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Hollywood in China: US films fuel audiences for its Asia-Pacific rivals

Beyond the ongoing trade war, Hollywood has more long-term worries than the Chinese film industry, which now faltering even though it remains on an otherwise upward trajectory. Having long outstripped US audience numbers, China will become the world’s biggest film market by revenue in 2020. Revenue-sharing deals with other Asia-Pacific countries have been accompanied by imported blockbusters, affecting US market share. South Korea, the region’s fourth-largest film industry, is seeing the Chinese ban on its cultural output gradually lifted. These exporters will continue to capitalize on the world’s largest cinema-going audience.

Hollywood has arguably paved the way for these audience gains. As in many other countries, its mass appeal has played a significant role in driving demand for cinema in China. Through US-Chinese co-productions, Chinese film-making talent has also been exposed to international production techniques and knowledge, and attracted financial resources channeled from international studios.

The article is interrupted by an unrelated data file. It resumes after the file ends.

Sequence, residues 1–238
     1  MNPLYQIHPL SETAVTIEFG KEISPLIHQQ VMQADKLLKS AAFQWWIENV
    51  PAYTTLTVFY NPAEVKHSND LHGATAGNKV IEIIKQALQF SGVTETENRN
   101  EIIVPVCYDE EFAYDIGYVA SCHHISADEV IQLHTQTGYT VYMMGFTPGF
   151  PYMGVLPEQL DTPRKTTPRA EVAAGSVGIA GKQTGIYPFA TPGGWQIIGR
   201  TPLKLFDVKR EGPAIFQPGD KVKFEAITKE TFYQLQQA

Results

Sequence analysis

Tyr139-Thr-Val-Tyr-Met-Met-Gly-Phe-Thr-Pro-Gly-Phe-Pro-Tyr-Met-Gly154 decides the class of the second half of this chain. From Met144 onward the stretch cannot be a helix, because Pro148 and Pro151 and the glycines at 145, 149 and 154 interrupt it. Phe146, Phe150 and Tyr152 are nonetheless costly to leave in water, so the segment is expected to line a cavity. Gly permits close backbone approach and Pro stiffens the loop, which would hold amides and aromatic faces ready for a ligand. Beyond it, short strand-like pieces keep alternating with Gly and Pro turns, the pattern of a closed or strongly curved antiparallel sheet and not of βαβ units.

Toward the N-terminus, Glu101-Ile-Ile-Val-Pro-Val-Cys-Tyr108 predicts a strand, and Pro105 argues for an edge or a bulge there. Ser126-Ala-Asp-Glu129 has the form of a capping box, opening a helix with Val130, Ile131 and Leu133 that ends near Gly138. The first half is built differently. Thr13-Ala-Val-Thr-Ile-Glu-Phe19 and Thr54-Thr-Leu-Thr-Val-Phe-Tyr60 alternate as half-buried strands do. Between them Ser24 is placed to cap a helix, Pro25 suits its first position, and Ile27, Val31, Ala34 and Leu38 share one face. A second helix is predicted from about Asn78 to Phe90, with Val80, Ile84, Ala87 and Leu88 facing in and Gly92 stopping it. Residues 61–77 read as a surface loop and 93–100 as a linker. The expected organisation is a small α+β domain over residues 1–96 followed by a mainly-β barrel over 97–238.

As the market share of Hollywood in China contracts, space will be cleared for more co-productions – and full imports – from the Asia-Pacific markets situated in China’s shadow. The combined efforts of the expanding Asia-Pacific film industry was visibly manifest at the 2018 Asian Film Market in Busan, which saw 150 more participants than in 2017. Hollywood should be wary of how many of these participants will have the Chinese market in their sights.

The challenge posed by over-the-top (OTT) streaming services at home is likely to compound the difficulties experienced by Hollywood in Asia-Pacific. It is still unclear whether there is a direct correlation between falling consumer spending at the box office and rising OTT spend. The streaming threat will worsen when Disney launches Disney Plus, streaming many of films and franchises which have been vital to box office success over the last 10 years. Cinema-going may well retain its experiential USP in the face of OTT, but tough times certainly look set to continue for Hollywood.